Cutaneous metastases are rare. Their incidence report ranges from 0,7 to 10,5% in autoptic and retrospective studies [4
]. In order of decreasing frequency, the sources are breast and lung cancer, melanoma, and squamous carcinoma of the upper tract. Among gastrointestinal malignancies, gastric cancer is the most common neoplasm to present with skin involvement [2
]. Cutaneous metastases from large bowel carcinoma account for approximately 5% of all skin secondaries [1
]. Liver, peritoneal, and lung involvement is generally associated [3
]. The gross appearance of lesions is not distinctive, and biopsy is often needed for the diagnosis. Usually they appear as painless nodules within the dermis and subcutaneous tissue, with intact and uninvolved epidermis, within the first two years after resection of the primary tumor [1
]. Cutaneous metastases may be the first clinical sign of relapse or, more rarely, may reveal an asymptomatic malignancy [4
]. Anyway, they generally represent a poor prognostic sign. Several explanations for their development have been proposed. Direct extension through lymphatic or surgical tracts seems to be an important mechanism since most of lesions are located in the skin overlying the abdominal wall, in a colostomy site or in the surgical incision [1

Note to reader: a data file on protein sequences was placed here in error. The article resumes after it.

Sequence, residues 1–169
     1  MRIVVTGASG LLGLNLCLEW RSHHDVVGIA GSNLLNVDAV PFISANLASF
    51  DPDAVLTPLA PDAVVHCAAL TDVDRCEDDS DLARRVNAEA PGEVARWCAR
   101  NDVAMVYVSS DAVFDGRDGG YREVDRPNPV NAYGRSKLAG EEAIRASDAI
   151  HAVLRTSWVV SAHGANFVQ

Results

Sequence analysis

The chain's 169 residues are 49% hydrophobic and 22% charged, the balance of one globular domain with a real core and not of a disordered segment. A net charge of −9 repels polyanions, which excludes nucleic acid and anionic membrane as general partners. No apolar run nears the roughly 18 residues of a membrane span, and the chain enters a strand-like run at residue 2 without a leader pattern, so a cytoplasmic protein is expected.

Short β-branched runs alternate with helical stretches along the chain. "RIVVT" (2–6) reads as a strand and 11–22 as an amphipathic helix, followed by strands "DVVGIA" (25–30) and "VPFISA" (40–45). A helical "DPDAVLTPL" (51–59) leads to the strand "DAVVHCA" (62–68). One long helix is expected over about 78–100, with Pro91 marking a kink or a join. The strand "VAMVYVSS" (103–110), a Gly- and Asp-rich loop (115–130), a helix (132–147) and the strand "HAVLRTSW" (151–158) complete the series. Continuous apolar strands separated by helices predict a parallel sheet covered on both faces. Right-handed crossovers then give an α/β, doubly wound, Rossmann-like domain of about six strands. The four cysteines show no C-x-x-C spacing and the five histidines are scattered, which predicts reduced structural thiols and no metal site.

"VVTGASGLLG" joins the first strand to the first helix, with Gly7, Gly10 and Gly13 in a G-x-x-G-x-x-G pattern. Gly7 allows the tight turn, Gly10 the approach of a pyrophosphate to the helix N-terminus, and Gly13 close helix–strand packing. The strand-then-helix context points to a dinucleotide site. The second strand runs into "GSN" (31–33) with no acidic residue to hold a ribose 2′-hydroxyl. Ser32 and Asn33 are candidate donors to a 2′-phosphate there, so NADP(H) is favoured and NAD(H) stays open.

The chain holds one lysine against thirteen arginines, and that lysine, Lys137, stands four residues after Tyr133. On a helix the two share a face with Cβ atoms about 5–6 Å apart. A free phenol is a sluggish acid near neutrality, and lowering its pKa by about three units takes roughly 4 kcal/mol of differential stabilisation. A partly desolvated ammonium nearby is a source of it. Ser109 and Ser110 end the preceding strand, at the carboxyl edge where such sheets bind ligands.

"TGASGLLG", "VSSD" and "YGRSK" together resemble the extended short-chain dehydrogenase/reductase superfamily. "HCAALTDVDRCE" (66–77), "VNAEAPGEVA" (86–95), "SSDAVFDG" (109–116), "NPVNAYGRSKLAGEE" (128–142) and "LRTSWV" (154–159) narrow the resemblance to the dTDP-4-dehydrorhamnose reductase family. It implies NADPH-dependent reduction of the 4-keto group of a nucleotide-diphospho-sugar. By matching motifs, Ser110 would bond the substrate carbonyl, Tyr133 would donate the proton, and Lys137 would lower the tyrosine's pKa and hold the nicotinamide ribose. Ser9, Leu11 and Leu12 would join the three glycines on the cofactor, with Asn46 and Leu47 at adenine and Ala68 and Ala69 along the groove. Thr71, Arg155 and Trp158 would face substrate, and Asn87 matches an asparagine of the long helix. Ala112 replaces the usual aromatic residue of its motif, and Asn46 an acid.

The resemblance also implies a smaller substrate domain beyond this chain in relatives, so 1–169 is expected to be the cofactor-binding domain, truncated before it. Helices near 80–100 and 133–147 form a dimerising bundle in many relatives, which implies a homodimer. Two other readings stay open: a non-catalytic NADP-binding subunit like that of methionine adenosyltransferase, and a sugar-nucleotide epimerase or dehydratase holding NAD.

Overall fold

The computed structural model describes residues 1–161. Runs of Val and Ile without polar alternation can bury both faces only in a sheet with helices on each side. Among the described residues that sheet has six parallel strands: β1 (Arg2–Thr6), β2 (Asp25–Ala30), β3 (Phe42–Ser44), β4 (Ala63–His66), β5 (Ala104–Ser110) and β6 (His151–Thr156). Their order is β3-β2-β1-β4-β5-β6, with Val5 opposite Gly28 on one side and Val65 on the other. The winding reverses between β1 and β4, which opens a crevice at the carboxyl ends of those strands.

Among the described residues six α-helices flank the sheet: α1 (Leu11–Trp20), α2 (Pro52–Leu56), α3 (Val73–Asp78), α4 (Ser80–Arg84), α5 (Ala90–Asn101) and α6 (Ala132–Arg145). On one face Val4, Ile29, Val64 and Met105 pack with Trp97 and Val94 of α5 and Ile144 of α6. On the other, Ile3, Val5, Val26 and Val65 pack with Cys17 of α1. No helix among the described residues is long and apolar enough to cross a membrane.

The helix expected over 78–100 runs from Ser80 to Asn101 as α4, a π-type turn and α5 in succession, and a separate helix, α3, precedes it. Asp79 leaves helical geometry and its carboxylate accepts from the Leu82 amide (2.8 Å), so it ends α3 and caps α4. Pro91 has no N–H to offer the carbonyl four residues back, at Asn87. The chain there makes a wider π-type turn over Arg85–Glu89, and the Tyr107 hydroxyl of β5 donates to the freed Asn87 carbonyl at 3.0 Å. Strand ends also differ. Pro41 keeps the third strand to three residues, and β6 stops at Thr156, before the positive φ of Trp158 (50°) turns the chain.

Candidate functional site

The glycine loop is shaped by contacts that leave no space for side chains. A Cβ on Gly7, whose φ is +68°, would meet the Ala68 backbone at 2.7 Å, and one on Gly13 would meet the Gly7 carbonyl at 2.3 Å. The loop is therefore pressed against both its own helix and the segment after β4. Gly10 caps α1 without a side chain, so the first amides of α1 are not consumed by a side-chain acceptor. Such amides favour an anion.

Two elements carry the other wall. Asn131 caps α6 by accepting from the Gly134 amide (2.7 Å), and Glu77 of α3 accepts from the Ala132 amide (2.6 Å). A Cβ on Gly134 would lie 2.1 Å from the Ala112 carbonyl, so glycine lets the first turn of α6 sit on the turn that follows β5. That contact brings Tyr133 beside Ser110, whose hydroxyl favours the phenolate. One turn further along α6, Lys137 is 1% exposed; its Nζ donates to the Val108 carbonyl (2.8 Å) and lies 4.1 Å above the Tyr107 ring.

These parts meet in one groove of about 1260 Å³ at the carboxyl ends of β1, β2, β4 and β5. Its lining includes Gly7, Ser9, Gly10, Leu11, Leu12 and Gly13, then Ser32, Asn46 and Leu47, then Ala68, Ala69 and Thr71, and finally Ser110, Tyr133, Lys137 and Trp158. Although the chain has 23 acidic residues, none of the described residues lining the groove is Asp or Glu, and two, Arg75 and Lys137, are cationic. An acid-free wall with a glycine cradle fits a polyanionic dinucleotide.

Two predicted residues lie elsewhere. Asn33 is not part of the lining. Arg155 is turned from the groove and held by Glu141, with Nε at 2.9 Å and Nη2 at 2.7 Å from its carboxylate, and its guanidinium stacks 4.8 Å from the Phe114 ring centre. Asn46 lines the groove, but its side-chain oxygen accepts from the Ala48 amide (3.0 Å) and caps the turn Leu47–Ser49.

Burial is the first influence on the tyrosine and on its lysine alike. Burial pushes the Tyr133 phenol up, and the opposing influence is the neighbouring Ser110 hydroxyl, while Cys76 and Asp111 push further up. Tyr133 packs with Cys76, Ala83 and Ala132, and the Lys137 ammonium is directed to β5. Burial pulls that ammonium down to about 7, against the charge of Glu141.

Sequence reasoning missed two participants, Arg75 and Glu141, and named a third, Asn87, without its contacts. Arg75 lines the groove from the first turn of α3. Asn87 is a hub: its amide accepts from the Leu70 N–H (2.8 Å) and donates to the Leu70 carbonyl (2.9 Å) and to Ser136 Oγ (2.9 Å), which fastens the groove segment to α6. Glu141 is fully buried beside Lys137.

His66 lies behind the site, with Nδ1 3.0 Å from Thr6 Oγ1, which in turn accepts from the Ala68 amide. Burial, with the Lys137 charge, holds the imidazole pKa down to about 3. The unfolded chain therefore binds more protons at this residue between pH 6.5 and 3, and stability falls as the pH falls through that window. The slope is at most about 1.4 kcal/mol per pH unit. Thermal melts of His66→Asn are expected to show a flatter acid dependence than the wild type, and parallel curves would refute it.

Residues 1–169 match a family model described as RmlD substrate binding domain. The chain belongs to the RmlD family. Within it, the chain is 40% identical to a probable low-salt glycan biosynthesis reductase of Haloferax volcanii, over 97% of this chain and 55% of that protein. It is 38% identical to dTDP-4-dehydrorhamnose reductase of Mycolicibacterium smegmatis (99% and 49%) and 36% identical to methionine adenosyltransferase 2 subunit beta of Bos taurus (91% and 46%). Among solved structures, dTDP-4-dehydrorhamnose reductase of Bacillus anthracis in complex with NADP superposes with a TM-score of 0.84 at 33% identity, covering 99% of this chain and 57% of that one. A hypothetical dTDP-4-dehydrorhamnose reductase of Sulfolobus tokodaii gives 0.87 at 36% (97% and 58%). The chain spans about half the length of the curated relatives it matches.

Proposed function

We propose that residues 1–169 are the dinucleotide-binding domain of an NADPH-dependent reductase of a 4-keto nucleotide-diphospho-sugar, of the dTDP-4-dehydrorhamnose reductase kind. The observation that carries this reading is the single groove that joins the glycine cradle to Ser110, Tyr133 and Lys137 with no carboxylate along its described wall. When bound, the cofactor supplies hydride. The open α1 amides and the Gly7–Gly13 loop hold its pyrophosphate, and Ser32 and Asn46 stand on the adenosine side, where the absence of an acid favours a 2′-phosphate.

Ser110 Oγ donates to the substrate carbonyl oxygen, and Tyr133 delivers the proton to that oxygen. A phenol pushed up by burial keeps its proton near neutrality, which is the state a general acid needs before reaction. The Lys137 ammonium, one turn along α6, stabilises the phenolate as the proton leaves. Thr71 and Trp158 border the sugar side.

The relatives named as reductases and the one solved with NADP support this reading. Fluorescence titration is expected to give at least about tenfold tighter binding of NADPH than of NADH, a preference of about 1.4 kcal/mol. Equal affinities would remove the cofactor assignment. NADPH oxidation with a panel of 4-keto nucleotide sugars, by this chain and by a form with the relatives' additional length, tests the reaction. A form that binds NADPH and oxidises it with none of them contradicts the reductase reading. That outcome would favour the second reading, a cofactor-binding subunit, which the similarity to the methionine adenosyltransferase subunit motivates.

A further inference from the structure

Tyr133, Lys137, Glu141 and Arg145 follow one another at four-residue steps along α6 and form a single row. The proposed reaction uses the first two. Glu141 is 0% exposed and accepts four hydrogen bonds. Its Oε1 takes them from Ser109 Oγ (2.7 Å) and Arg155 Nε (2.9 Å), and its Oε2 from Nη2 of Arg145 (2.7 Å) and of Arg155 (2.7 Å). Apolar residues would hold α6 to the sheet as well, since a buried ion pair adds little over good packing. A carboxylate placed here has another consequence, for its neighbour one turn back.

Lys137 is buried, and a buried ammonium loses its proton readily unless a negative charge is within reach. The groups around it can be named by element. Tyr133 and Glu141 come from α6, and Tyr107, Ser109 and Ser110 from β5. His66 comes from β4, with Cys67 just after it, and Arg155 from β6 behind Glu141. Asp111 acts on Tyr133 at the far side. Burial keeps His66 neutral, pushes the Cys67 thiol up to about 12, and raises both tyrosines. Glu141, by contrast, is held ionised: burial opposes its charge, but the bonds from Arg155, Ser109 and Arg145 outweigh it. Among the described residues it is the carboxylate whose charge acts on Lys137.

]. Metastases at the trocar site or at the minilaparotomy incision have been reported after laparoscopic-assisted colectomy [10
]. Implantation during surgery may contribute to this type of recurrence. Other possible routes of dissemination are extensions along ligaments of common embryonic origin, such as the round ligament of the liver. Metastasis to the umbilicus from an internal malignancy is well known as the “Sister Mary Joseph's nodule” [11
]. Distant metastases, in order of decreasing frequency, have been seen in pelvis, upper extremities, chest, and back skin. There are rare reports of metastases of the head, neck, tongue, lip, and hands [4
]. Remote lesions are usually associated with organ involvement and are believed to be due to diffuse hematogenous dissemination of tumor cells and to their trapping in the capillary bed of the skin, just for mechanical factors.
The case we report is unusual because remote cutaneous metastases are not associated with visceral secondaries. It seems unlikely that the tumor cells locate throughout the skin just for mechanical factors without hepatic or pulmonary involvement, since lung and liver receive all of the venous drainage from the colon, prior to distribution to the rest of the body. It seems reasonable to suppose that circulating tumor cells bind specifically to the skin by site-specific adhesion molecules and/or respond preferentially to growth factors found at that site.